In addition to the overall goal of reducing call volume, Las Vegas and GovEx developed supporting measures to determine the success of these strategies. Fire Department analysts segmented calls for service into five categories that they targeted for improved resource alignment, which included medical facility transfers, detox transfers, non-emergent requests for service and Legal 2000 transfers, which allows authorities to hold individuals who may do harm to themselves or others. Based on this analysis, the Department aims to increase by five percent the number of callers sent the appropriate equipment. To ensure this outcome, LVFR will monitor the percentage of emergency and non-emergency requests that are assigned to the appropriate response and resource.
Through education and engagement, including community risk assessments, LVFR also plans to reduce hazards by 20 percent by 2021, which will reduce future calls for emergency services. This is primarily targeted to residential properties, as analysis has revealed more deaths occur in residences rather than commercial buildings.
A third new LVFR goal is to increase the percentage of persons suffering from sudden cardiac arrest who are discharged from the hospital by 10 percent by 2021. This measure reflects increased survival rate as a result of prevention as well as public education, and pre- and post-hospital care. LVFR chose this supporting measure because it’s important to educate the public about sudden cardiac arrest, cultivate partnerships, and strengthen the skills of first responders.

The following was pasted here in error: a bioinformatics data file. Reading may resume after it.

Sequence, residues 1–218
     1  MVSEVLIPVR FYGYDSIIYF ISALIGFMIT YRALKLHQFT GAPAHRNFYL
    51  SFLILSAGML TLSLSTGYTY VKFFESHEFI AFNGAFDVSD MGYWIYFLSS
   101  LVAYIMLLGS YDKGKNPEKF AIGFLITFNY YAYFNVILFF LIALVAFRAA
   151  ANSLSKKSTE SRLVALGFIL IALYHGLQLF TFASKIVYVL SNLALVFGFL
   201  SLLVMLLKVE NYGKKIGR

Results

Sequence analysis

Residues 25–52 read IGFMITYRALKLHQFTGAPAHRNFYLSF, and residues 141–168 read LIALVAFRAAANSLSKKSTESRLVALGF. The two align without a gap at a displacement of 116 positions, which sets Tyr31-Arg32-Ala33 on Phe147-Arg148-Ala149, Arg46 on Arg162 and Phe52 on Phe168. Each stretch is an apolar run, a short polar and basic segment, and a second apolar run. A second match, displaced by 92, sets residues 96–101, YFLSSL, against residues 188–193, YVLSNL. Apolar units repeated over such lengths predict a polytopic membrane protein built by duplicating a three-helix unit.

Beyond setting these measures, GovEx supported the City in refreshing its performance management program, Results Vegas. Through routine meetings with the City Manager and other City leadership and staff, LVFR will hold itself accountable to measures the City values. For instance, LVFR will analyze trends in reducing hazards in targeted areas to determine whether there has been success in reducing hazards in residences.
Goals are not expected to be achieved overnight. Instead, GovEx encourages LVFR to use its goals galvanize the Department, residents, and other stakeholders around their initiatives. It is gradual but fulfilling work, which takes the concerted collaboration and dedication of Chief McDonald, fire fighters, emergency services crews, 911 operators, and even UNLV students. But, critically, more Las Vegans are getting the help they need from their Fire Department, in large part thanks to a shift in priority indicators.